English low-income earners, paying energy costs above the typical level, faced a total of £1.1 billion more in heating costs than middle or high-income earners in 2009, according to a new fuel poverty report.
The independent review by Professor John Hills used a new way of measuring fuel poverty, taking into account the number of people affected and the severity of the issue.
It found that almost 8 million English people in 2.7 million households were on a low income while facing high energy costs three years ago - an increase of 75% compared to back in 2003.
The review also predicted that the fuel poverty gap will rise to £1.7 billion by 2016, which means low-income earners will have to spend almost £600 more on energy costs per year than wealthier households with typical costs.
Professor Hills said: 'There is no doubt that fuel poverty is a serious national problem - increasing hardship, contributing to winter deaths and other health problems, and blocking policies to combat climate change. But the official measure has fed complacency at times and gloom about the impact of policies at others.
'When one focuses on the core of the problem in the way I propose, the outlook is profoundly disappointing, with the scale of the problem heading to be nearly three times higher in 2016 - the date legislation set for its elimination - than in 2003.
'But this daunting problem is one with solutions. Our analysis shows that improving the housing of those at risk is the most cost-effective way of tackling the problem, cutting energy waste, with large long-term benefits to society as a whole. We need a renewed and ambitious strategy to do this.'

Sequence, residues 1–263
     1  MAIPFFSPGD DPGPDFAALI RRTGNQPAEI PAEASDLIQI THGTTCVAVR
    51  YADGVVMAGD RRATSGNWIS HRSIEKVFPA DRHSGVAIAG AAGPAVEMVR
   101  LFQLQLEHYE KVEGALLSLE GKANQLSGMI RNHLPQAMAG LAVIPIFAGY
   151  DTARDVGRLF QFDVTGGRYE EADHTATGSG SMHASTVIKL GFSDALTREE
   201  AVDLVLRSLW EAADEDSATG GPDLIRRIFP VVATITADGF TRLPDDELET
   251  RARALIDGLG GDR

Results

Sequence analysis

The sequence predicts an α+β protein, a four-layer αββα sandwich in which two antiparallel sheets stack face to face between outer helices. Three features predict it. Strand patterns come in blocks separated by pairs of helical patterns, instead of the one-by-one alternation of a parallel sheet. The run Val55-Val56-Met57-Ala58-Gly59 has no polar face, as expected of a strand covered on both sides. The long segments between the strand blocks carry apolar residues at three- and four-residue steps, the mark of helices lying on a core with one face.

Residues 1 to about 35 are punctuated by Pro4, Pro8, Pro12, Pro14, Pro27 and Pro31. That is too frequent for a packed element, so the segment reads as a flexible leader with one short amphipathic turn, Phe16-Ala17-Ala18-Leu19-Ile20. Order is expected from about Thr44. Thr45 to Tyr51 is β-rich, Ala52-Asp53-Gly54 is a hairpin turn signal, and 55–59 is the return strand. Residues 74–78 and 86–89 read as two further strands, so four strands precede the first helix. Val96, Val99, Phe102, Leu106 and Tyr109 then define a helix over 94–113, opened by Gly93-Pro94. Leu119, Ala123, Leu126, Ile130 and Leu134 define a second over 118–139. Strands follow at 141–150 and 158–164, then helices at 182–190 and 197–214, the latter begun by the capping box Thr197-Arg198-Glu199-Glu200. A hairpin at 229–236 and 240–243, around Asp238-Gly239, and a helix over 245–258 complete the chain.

Michelle Mitchell, Charity Director General of Age UK said: 'Over the last decade the Labour and then Coalition governments have been fighting a losing the battle against fuel poverty. The Hills review states that the fuel poverty gap will rise by a further half to £1.7 billion by 2016 and the interventions currently planned will only reduce the problem by a tenth. The figures quite frankly do not add up and we fully support Hills’ call for an immediate, revised and ambitious strategy to deal with fuel poverty.
'Age UK fears that the current proposals to improve energy efficiency through the Green Deal and Energy Obligation Schemes are a woefully inadequate response to one of the most serious issues facing our country today. Hills’ analysis provides all the evidence needed and the Government must make a major investment to improve housing stock. We want to see fuel poor households prioritised in this programme.'
'The number of households in fuel poverty increased to five million by the end of 2011 with nearly a quarter of those households including an older person. Even more shocking is the fact that there are 200 excess winter deaths a day due to our society’s inability to cope with the effects of cold weather.'
Copyright Press Association 2012
1 in 4 UK pensioners are living in fuel poverty
In the following short film produced for Sport Relief, two older people talk about the harsh reality of living in fuel poverty: